To our knowledge, this observation represents the first report of a Common Tern brooding the chicks of another tern species. Though such events have historically been considered rare [10], the increasing number of aggressive usurpation events followed by incubating or brooding the eggs and young of other species reported in the literature [12,13,14] paired with the frequency with which Common Terns nest near other waterbird species [6] suggests such behavior may be under-reported. Thus, researchers may be well served to remain vigilant for such instances within their colonies.
Given that the Common Tern scrape, within centimeters of the usurped nest, was first observed by researchers concurrent with the usurpation, we suspect that the Common Tern pair established their scrape prior to hatching the Least Tern eggs. Given the proximity of the two nests, Common Terns may have displaced the Least Terns (though they did not abandon the area) and, when the first Least Tern egg hatched, mistaking it for their own young despite not yet having laid any eggs. However, we have no observations to support this explanation of events, and the Common Tern pair may have usurped the nest before any chick hatched. It should also be noted that the usurpation may have been influenced by the young age of the Common Tern pair, given the known age bird was two years old. Though Common Terns have been found to breed as young as one year old [19], most do not breed until three years of age [20,21]. Given the age of this Common Tern pair, this late-season nesting was likely their first breeding attempt of the season (no previous attempts were observed), though this cannot be confirmed. The cumulative evidence from this observation leads us to suggest inexperience may be at least a partial driver behind this usurpation event. Unfortunately, the age of usurping birds is not available for other reported instances to compare this finding.
An alternative explanation for this usurpation event is competition for nesting space, which has often been reported as a suspected driver of similar observations [12,14,22]. However, we feel this explanation is unlikely in this case, given the adequate habitat in this sub-colony (Figure 1) and across Poplar Island as a whole. Still, this possibility cannot be completely dismissed given that the usurped Least Tern nest was positioned far away from conspecifics and in relative proximity to Common Terns, with the factors that drove each pair to choose their specific nesting site unknown. However, we would posit that this event occurred partly because the Common Terns established a territory in such close proximity to the Least Terns but not because they had nowhere else to establish a nest.
The ability to identify the driving factors behind usurpation events like the one described here appears limited by the fact that intensive monitoring of the usurped nest does not begin until after the unique situation is identified, by which time it is too late to capture data on how interactions at the initial stage of usurpation unfolded. While traditional colony monitoring provides some insight into the timing and potential correlated issues, such as proximity and nest density, researchers have been unable to assert evidence-based claims for causation. Thus, researchers may consider deploying fixed monitoring techniques [23] in mixed species colonies in the future to improve the likelihood of gathering information at the beginning stages of both usurpation events and other cryptic behaviors.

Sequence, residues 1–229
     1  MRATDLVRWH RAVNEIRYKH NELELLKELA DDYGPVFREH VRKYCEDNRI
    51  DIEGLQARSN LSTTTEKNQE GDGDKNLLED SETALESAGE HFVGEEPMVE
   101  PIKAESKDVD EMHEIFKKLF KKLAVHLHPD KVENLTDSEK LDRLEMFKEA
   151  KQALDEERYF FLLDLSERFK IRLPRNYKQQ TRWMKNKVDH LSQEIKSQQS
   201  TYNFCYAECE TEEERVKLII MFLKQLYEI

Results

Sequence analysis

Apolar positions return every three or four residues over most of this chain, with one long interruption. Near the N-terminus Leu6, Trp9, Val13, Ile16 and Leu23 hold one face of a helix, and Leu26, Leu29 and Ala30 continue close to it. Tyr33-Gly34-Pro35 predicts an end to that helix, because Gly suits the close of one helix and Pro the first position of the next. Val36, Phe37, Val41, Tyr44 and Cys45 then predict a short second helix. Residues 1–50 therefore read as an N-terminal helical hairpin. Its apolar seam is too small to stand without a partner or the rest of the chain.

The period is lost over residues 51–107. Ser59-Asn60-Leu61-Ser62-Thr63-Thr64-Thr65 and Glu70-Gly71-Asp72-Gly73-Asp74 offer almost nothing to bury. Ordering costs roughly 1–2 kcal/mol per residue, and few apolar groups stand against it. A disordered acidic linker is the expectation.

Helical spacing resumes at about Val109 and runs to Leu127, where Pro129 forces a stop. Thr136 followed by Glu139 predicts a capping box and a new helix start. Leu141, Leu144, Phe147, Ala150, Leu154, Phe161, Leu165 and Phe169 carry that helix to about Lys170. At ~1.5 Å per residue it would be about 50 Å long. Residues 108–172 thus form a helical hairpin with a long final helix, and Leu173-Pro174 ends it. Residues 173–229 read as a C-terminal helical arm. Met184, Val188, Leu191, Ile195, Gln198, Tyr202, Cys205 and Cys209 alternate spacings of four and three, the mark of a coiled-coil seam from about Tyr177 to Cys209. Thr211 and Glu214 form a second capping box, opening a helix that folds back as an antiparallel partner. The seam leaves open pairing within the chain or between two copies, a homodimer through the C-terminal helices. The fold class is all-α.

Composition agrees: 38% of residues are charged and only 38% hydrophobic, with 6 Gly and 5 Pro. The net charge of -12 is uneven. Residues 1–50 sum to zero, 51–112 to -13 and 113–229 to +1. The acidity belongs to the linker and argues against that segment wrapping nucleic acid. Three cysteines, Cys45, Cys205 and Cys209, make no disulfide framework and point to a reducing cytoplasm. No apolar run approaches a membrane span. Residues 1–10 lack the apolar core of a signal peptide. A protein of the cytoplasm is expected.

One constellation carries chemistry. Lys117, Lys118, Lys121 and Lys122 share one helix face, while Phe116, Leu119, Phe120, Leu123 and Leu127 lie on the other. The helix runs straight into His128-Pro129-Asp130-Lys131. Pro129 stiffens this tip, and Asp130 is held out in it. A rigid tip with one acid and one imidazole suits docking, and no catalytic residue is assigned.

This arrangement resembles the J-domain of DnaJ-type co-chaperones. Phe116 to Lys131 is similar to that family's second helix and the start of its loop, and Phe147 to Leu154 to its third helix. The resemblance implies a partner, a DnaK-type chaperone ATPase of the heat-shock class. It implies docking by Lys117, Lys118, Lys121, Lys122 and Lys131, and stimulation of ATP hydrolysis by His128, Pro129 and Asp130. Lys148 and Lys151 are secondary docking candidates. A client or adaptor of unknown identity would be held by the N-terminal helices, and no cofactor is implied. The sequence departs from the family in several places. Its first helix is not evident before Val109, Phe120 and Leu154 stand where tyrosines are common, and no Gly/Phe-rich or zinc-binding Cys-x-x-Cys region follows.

Author Contributions

Conceptualization, J.D.S. and D.J.P.; methodology, J.D.S., J.I., A.T., A.M., A.L., A.O., C.R.C., P.C.M. and D.J.P.; validation, J.I., A.T., A.M. and A.L.; formal analysis, J.D.S.; data curation, J.D.S., J.I., A.T., A.M., A.L. and D.J.P.; writing—original draft preparation, J.D.S., J.I. and A.T.; writing—review and editing, J.D.S., J.I., A.T., A.M., A.L., A.O., C.R.C., P.C.M. and D.J.P.; visualization, J.D.S.; supervision, D.J.P.; project administration, J.D.S. and D.J.P.; funding acquisition, D.J.P. All authors have read and agreed to the published version of the manuscript.


This work was supported by the U.S. Army Corps of Engineers (Baltimore District), U.S. Geological Survey (Eastern Ecological Science Center and the Ecosystems Mission Area), the U.S. Fish and Wildlife Service (Chesapeake Bay Field Office), and the Maryland Environmental Service.

Institutional Review Board Statement

The animal study protocol was approved by the Institutional Review Board (Animal Care and Use Committee) of the U.S. Geological Survey, Eastern Ecological Science Center (2013-05P).

Data Availability Statement

All game camera footage collected from this nest is available on the USGS Science-Base Repository: All other data are fully reported within the manuscript.


We would like to thank our internal reviewer and two anonymous peer reviewers for their thoughtful revisions during the publication process. The use of trade, firm, or product names is for descriptive purposes only and does not imply endorsement by the U.S. Government. All authors provided significant contributions to the preparation of this manuscript.

Conflicts of Interest

The authors declare no conflict of interest.


  1. Arnold, J.M.; Hatch, J.J.; Nisbet, I.C.T. Effects of Egg Size, Parental Quality and Hatch-Date on Growth and Survival of Common Tern Sterna hirundo Chicks. Ibis 2006, 148, 98–105. [Google Scholar] [CrossRef]
  2. Nisbet, I.C.T. Roseate Terns (Sterna dougallii) Frequently Desert Viable Eggs without Incubating Them. Waterbirds 2022, 45, 113–116. [Google Scholar] [CrossRef]
  3. O’Connell, D.P.; Power, A.; Keogh, N.; Mcguirk, J. Egg Fostering in Little Terns (Sternula albifrons) in Response to Nest Abandonment Following Depredation. Ir. Birds 2015, 10, 159–162. [Google Scholar]
  4. Morris, R.D.; Woulfe, M.; Wichert, G.D. Hatching Asynchrony, Chick Care, and Adoption in the Common Tern: Can Disadvantaged Chicks Win? Can. J. Zool. 1991, 69, 661–668. [Google Scholar] [CrossRef]